Grant County, Washington- Grant County Health District is reporting a multi-county COVID-19 outbreak associated with the three-day Watershed Music Festival, held in George, Washington on July 30, 2021 – August 1, 2021.
Cases have been identified among Washington State residents of King, Grant, Pierce, Skagit, Kittitas, Okanogan, Whatcom, Kitsap, San Juan, Lincoln, and Stevens counties. There has also been a case tied to a resident of Oregon State.
“As of today, we are aware of over 160 lab confirmed COVID-19 cases across Washington state in people who attended the event. We expect more cases to be confirmed in the coming days,” said Laina Mitchell, Communicable Disease Coordinator for Grant County Health District. “The outbreak is the first one traced to an outdoor entertainment event since the lifting of statewide COVID-19 prevention measures at the end of June.”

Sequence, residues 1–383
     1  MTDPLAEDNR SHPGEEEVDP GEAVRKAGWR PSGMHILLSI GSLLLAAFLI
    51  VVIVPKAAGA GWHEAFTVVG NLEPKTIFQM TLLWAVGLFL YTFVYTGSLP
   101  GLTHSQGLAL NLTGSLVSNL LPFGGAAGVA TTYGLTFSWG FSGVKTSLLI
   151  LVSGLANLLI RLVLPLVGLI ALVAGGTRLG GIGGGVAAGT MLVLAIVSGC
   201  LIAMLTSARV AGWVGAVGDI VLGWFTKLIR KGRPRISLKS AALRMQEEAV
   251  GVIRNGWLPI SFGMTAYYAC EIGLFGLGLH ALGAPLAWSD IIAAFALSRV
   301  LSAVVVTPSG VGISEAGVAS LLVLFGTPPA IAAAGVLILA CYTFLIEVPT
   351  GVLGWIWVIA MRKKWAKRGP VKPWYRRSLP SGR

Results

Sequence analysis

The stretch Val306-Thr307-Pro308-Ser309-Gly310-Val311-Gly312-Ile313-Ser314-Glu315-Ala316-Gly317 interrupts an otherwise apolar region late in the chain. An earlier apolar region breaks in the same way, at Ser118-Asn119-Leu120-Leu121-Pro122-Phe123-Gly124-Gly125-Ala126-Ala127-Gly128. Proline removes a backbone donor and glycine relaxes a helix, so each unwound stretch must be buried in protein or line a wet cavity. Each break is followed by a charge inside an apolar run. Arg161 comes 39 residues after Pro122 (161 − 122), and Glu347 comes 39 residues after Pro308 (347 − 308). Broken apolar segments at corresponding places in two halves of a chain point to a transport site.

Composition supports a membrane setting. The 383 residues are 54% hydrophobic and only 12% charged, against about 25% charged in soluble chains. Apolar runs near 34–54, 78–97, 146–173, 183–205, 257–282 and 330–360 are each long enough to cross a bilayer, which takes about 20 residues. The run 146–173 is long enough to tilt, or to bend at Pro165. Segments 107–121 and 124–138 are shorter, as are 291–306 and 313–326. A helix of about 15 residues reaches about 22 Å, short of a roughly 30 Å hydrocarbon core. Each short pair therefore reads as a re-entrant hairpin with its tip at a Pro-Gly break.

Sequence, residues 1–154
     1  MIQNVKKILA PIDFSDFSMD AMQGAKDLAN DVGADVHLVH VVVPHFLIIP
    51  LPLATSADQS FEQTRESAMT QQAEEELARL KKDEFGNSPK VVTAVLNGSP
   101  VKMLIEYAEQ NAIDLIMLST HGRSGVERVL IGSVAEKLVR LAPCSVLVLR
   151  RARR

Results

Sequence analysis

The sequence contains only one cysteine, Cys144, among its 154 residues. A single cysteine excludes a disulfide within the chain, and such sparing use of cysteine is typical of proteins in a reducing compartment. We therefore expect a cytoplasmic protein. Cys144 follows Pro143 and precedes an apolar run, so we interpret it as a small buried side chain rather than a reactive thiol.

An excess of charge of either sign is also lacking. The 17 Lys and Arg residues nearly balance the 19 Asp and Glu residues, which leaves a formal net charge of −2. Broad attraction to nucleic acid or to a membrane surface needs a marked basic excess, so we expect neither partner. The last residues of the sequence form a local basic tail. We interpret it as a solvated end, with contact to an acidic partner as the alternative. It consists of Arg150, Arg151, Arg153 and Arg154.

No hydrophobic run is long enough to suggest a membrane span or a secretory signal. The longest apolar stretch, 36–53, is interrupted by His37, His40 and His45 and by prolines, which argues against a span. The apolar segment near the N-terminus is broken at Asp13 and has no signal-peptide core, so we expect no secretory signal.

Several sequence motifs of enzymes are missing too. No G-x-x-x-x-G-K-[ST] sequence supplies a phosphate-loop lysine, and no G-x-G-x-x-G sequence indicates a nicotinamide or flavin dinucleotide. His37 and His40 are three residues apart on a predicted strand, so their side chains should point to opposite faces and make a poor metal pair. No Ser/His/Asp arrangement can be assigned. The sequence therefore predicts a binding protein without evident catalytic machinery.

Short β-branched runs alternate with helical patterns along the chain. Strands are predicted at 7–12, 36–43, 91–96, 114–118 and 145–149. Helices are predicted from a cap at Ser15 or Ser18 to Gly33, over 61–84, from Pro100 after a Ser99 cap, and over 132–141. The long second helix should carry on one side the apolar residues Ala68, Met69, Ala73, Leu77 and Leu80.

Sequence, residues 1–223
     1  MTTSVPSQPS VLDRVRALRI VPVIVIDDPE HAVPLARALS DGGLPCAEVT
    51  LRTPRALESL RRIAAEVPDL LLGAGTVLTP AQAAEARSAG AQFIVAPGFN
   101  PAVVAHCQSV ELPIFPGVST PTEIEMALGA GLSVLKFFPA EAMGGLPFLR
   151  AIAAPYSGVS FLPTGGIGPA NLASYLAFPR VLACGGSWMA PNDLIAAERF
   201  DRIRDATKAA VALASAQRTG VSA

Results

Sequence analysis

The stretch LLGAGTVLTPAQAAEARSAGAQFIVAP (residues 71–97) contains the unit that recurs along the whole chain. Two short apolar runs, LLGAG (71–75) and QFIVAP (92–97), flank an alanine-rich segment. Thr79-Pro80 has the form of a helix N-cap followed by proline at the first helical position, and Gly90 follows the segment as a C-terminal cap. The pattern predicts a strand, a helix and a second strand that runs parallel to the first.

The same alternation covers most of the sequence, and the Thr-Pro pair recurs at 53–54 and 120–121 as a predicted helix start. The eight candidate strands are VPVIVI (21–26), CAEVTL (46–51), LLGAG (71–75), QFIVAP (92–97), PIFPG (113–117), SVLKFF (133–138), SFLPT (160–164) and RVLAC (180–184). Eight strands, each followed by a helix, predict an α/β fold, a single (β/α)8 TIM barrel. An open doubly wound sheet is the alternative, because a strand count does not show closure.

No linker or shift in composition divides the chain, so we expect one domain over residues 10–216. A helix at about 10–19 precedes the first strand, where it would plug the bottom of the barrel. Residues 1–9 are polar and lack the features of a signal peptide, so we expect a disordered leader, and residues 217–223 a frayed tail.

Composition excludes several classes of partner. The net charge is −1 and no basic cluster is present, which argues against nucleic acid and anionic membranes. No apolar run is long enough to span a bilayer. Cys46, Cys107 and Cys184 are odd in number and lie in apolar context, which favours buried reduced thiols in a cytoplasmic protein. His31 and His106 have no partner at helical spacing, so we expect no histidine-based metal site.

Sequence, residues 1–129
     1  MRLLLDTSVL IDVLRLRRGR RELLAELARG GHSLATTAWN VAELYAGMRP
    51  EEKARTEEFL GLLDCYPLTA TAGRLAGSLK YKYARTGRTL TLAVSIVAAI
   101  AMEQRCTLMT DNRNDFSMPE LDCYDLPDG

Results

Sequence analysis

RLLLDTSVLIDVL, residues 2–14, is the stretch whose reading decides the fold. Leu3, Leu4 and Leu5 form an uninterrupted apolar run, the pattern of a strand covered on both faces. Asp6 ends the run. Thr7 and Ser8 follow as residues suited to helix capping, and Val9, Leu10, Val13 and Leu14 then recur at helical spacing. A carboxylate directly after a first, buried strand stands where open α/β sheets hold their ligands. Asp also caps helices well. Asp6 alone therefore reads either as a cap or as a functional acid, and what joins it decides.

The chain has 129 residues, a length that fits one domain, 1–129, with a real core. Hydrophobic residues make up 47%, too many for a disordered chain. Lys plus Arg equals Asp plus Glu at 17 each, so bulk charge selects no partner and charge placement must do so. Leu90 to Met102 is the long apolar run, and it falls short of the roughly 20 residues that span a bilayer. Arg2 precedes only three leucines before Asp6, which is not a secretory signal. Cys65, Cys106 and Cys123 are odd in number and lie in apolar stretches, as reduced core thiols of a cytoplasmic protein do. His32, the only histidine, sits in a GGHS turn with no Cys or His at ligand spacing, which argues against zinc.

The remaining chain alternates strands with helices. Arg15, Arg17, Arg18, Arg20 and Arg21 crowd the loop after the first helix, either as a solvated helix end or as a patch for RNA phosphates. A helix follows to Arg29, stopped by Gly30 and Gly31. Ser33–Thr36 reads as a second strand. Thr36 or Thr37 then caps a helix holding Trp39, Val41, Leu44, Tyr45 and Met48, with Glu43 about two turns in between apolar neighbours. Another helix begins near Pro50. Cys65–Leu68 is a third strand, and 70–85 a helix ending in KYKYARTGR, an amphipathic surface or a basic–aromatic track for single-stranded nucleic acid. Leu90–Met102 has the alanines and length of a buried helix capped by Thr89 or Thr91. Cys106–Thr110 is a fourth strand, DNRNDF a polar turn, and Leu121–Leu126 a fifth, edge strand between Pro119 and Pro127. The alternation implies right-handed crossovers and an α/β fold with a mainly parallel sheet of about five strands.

Grant County Health District is working with local, state, and tribal public health partners to identify other cases in people who may have attended the music festival. Public Health officials are urging the public to self-quarantine and seek testing if you attended the music festival.
COVID-19 spread occurs more commonly between individuals who are in close contact with one another through respiratory droplets that come from the mouth or nose when an infected person coughs, sneezes, sings, or speaks. These droplets and particles can be breathed in by other people or land on their eyes, nose, or mouth.
The Washington Department of Health (DOH) recommends testing anyone with symptoms consistent with COVID-19. DOH also recommends testing for people with likely exposures, such as close contacts of cases, or those exposed in outbreak situations.
On average, symptoms of the virus develop five to six days post exposure, but the incubation period can be as long as 14 days. Some individuals never develop noticeable or debilitating symptoms — which is why it is recommended to self-quarantine and self-monitor for a full two weeks after any likely exposure.
Grant County Health District continues to encourage vaccinations as the most reliable method of suppressing and eventually controlling COVID-19 in our communities. Masking and social distancing as much as possible during this time of surging cases and hospitalizations is still recommended to help reduce further spread.